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Named after King George V, George Fernandes studied to become Roman Catholic priest

A Fearless Defence Minister Who Was The Voice For The Poor And Marginalised.

News Nation Bureau | Edited By : Srishty Choudhury | Updated on: 29 Jan 2019, 09:57:58 AM
Fernandes quit as defence minister in 2004 after the ‘coffin gate’ scandal broke out. He was subsequently exonerated by two commissions of inquiry constituted to probe the alleged scam. (File photo)

New Delhi:

After battling prolonged illness, former defence minister George Fernandes died in New Delhi on Tuesday at the age of 88. The defence minister in the Atal Bihari Vajpayee government, Fernandes was under scanner for the ‘coffin scam’. There were allegations that poor quality aluminium caskets were bought from the US at ‘exorbitant rates’ to transport bodies of Kargil war heroes. In 2003, Fernandes famously flew Sukhoi fighter plane in Pune. A month later, in June, he again undertook a MiG-21 sortie at a time when the fighter planes were dubbed as ‘flying coffins.’ After the sortie, Fernandes had said that there were "attempts to degrade these fighters and I want to dispel apprehensions about its safety."

Here is the life and times of the former defence minister:

  • George Fernandes was born on June 3, 1930, to John Joseph Fernandes and Alice Martha Fernandes in Mangaluru then Mangalore to a Mangalorean Catholic family.
  • He was the eldest of six children. His mother was a great admirer of King George V (who was also born on 3 June), hence she named him George.
  • His father was employed by the Peerless Finance group as an insurance executive and headed their office of South India for several years.
  • He studied from fifth grade at the school attached to St. Aloysius College, Mangalore where he completed his Secondary School Leaving Certificate.
  • He went to St Peter's Seminary in Bengaluru at 16, to be trained as a Roman Catholic priest, studying philosophy for two and a half years from 1946 to 1948.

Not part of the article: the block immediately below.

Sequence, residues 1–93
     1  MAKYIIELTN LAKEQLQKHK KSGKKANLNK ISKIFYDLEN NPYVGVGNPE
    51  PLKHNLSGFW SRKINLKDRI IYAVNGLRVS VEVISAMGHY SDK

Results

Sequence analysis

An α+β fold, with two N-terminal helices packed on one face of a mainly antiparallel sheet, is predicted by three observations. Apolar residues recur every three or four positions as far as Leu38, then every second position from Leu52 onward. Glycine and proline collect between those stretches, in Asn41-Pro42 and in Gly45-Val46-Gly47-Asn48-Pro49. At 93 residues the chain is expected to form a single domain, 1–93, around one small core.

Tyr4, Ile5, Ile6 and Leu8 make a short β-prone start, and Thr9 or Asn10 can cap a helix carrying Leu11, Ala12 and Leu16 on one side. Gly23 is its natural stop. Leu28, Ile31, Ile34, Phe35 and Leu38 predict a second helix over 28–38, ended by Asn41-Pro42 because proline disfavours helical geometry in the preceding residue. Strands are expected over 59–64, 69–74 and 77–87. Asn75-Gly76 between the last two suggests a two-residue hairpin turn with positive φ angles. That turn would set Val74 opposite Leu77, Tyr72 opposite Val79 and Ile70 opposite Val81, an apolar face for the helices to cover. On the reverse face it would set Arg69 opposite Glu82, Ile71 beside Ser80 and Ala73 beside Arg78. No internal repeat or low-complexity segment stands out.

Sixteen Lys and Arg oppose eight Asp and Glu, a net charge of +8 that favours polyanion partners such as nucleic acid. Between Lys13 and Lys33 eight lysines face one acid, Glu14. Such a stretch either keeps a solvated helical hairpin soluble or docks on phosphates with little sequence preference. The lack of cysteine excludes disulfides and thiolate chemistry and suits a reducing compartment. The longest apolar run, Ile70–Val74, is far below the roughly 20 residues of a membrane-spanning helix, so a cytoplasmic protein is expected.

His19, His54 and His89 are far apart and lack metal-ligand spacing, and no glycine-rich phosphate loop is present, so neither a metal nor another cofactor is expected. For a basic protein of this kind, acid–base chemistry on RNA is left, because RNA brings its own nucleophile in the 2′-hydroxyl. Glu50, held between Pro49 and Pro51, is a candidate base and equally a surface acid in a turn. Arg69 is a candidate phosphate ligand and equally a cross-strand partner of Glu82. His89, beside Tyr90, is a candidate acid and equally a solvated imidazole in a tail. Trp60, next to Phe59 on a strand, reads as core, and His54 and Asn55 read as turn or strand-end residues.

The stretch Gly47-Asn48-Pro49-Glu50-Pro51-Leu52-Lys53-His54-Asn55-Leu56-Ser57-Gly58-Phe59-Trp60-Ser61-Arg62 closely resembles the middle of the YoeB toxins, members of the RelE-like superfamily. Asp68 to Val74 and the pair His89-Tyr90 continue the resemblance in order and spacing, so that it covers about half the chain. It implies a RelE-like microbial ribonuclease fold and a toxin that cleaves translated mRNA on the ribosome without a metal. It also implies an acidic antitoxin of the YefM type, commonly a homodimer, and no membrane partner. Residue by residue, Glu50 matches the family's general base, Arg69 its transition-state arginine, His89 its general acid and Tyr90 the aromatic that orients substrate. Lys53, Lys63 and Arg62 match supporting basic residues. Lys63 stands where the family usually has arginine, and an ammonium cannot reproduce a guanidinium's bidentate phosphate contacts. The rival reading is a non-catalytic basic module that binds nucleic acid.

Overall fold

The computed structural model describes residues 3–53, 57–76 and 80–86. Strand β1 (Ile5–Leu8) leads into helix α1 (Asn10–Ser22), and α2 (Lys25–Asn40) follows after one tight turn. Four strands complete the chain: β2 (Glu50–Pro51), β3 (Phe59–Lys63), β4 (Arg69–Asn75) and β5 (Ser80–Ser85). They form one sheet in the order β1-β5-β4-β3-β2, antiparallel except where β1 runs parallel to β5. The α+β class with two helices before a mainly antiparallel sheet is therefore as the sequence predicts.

• At 19, he left the seminary due to sheer frustration because he was appalled that the rectors ate better food and sat at higher tables than the seminarians.
  • Fernandes moved to Bombay in 1949 in search of a job.
  • He came into contact with veteran union leader Placid D'Mello, and the socialist Rammanohar Lohia.
  • He rose to prominence as a trade unionist and fought for the rights of labourers in small scale service industries such as hotels and restaurants.
  • Emerging as a key figure in the Bombay labour movement in the early 1950s, Fernandes was a central figure in the unionisation of sections of Bombay labour in the 1950s.
  • He served as a member of the Bombay Municipal Corporation from 1961 to 1968.
  • He won in the civic election in 1961 and, until 1968, continuously raised the problems of the exploited workers in the representative body of the metropolis.
  • In 1967, George Fernandes decided to contest the general elections. The Samyukta Socialist Party offered him a ticket against seasoned politician Congress’ SK Patil for the Bombay South constituency.
  • Fernandes won against Patil by garnering 48.5 per cent of the votes, thus earning his nickname, "George the Giantkiller". The shocking defeat ended Patil's political career.
  • The most notable strike organised by Fernandes, when he was President of the All India Railwaymen's Federation, was the All India Railway strike of 1974, where the entire nation was brought to a halt.
  • He rose to prominence as a crusader against the Indira Gandhi-imposed Emergency and also served as a Union minister during the Janata Party government headed by Morarji Desai between 1977 and 1980.
  • Fernandes won the Muzaffarpur seat in Bihar. He was appointed the Union Minister for Industries.
  • During his first tenure as MP, George Fernandes set up a Doordarshan Kendra (1978), Kanti Thermal Power Station (1978) and the Lijjat papad factory to generate employment in Muzaffarpur. Fernandes also insisted on women’s empowerment. In November 2014, Kanti Thermal Power Station was renamed as George Fernandes Thermal Power Station.
  • He joined the Janata Dal in August 1988. His second tenure as Minister of Railways in the VP Singh's government from 1989 to 1990, though short-lived, was quite eventful. He was one of the driving forces behind the Konkan Railway project, connecting Mangalore with Bombay. The project happened to be the first major development in the history of rail transport in India since independence.
  • Fernandes broke away from the erstwhile Janata Dal and formed the Samata Party in 1994, which became a key ally of the Bharatiya Janata Party.
  • Fernandes served as the Defence Minister of India in both the second and third National Democratic Alliance governments (1998–2004). During his tenure as the defence minister, the Kargil war over Kashmir broke out between India and Pakistan in 1999. 
  • Fernandes quit as defence minister in 2004 after the ‘coffin gate’ scandal broke out. He was subsequently exonerated by two commissions of inquiry constituted to probe the alleged scam.
  • The former defence minister battled a prolonged illness and suffered from Alzheimer's disease. He died on January 29, 2019 at 88.

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First Published : 29 Jan 2019, 09:57:13 AM